Holmes’ attorney, Robert DelGreco Jr., appeared at the brief hearing, where charges were formally presented. Holmes didn’t appear, nor was he required to do so.
DelGreco said he planned to challenge the constitutionality of the stop, but he didn’t elaborate on that.
“I will be filing a suppression motion,” DelGreco said. “That will be a public record, and we’ll go from there.”
Pittsburgh police said they found three marijuana-filled cigars in Holmes’ car after pulling him over Oct. 23. Holmes was stopped because his car was similar to one that police were looking for in a drug sting.
Holmes was cooperative and alerted officers to the drugs, police said.
DelGreco has characterized the charge “as low as a grade a misdemeanor you can get.” The penalty is up to 30 days of probation and a $500 fine, he said.
Steelers coach Mike Tomlin deactivated Holmes for one game following the traffic stop. Holmes wasn’t arrested and received a court summons, which is common with misdemeanor charges in Pennsylvania.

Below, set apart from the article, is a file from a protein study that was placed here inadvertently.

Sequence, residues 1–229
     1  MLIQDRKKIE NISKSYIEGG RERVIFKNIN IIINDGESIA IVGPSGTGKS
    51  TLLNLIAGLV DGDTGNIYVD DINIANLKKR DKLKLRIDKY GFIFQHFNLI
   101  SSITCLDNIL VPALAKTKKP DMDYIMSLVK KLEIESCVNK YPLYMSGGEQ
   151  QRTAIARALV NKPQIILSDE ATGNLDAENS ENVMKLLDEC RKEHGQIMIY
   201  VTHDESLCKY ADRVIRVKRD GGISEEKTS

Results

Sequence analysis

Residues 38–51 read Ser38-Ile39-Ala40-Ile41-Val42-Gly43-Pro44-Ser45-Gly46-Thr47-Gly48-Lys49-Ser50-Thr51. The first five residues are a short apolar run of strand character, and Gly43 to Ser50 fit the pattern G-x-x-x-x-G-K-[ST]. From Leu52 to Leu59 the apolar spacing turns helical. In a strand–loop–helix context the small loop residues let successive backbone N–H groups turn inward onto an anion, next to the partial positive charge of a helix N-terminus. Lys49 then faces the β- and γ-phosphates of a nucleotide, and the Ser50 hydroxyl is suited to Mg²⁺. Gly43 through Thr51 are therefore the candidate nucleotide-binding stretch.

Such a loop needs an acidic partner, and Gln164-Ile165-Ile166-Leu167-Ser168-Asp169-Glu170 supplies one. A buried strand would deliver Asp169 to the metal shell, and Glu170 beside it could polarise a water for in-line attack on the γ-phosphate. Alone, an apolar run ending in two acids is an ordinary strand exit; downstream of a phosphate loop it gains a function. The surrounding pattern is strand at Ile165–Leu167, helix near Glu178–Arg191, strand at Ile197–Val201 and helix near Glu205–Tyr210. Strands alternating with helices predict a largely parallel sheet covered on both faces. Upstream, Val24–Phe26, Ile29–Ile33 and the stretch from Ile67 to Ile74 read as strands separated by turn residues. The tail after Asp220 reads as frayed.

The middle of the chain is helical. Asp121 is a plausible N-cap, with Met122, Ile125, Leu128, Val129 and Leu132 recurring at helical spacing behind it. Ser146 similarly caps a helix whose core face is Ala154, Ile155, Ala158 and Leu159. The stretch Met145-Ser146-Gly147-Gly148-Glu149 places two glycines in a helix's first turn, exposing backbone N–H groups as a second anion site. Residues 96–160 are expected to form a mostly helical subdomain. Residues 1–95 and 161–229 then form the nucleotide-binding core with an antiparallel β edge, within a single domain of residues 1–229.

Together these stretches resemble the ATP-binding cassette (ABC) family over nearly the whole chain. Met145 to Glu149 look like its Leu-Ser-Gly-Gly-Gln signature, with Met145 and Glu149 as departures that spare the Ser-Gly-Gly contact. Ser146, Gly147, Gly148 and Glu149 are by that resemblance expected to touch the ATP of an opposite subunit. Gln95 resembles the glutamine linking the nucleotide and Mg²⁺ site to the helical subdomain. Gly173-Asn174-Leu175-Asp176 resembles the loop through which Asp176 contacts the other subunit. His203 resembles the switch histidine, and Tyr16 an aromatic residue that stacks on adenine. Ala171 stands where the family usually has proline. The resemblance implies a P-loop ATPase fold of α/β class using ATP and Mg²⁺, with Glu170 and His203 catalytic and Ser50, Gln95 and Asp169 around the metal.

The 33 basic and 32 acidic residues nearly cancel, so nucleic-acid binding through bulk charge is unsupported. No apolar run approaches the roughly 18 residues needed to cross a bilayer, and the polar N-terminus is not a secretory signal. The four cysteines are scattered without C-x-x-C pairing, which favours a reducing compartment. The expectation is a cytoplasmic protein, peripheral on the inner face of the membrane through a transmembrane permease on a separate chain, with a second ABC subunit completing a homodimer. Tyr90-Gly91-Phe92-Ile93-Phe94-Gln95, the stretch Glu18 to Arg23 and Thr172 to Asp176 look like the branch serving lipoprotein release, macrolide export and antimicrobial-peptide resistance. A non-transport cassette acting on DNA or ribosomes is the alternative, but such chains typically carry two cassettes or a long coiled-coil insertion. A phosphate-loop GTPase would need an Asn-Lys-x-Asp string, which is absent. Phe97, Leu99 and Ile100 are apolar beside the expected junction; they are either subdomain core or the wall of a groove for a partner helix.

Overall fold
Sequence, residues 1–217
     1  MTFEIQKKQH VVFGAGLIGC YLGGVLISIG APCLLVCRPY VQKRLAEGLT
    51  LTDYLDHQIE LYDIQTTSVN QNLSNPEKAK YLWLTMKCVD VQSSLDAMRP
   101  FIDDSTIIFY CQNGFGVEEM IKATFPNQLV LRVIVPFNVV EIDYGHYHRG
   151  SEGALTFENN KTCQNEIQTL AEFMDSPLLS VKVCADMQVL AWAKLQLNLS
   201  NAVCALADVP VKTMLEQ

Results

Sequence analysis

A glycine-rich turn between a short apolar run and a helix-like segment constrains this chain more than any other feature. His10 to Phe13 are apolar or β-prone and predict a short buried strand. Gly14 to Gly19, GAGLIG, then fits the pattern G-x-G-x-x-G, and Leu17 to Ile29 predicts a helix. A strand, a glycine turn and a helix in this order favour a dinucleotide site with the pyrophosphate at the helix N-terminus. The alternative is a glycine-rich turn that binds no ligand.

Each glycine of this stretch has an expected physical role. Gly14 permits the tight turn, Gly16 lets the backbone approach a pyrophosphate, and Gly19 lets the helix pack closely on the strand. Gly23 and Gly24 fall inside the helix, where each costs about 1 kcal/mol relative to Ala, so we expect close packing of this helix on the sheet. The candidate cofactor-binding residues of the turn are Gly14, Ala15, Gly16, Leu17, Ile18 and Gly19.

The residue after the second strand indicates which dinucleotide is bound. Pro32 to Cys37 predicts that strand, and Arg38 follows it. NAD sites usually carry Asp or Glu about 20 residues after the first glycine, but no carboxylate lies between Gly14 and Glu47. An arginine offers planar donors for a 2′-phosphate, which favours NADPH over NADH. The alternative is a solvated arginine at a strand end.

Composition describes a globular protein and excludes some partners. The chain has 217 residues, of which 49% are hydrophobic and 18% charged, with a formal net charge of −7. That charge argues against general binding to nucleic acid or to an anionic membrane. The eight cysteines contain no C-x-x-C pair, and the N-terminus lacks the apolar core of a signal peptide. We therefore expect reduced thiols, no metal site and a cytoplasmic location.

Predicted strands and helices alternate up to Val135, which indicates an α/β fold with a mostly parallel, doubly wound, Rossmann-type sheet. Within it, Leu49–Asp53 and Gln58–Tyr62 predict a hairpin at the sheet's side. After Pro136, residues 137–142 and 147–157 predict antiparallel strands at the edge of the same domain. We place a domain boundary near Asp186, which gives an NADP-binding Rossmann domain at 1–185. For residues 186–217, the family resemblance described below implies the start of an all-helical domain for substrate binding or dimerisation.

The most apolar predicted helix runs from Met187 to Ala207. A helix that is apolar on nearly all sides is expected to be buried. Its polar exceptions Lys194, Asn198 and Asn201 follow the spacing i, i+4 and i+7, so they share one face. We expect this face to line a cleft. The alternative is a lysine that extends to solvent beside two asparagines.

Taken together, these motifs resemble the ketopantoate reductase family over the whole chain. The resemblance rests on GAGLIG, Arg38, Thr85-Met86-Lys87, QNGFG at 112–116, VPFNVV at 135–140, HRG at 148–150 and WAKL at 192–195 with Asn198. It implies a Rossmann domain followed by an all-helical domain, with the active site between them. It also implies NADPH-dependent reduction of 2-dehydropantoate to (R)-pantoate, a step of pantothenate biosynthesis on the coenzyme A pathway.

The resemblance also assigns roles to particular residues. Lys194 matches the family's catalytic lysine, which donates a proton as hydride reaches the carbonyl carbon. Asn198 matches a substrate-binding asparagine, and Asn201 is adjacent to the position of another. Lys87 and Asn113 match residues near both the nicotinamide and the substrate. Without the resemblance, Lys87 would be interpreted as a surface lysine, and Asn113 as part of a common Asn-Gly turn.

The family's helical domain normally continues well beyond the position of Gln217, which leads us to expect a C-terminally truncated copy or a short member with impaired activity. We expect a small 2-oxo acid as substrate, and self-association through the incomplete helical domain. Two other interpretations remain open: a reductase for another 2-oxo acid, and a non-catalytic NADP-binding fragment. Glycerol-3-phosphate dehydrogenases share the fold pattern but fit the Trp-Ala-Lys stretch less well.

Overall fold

Holmes said he “learned a lot” from missing the game. Before the Super Bowl, Holmes told the media that he had dealt drugs for a year in his hometown of Belle Glade, Fla.
Holmes, a first-round draft pick out of Ohio State in 2006, has had two other run-ins with the law since the Steelers drafted him.
In June 2006, Holmes was charged with domestic violence in Columbus, Ohio. Those charges were dropped when the mother of one of his three children declined to help prosecute the case and prosecutors were assured that Holmes received anger-management and domestic-violence counseling through the NFL.
In May 2006, Holmes was arrested for disorderly conduct by Miami police, who later dropped the charges.
No trial date has been set on the recent charge against Holmes, but a pretrial conference was scheduled for May 22 in Allegheny County Court.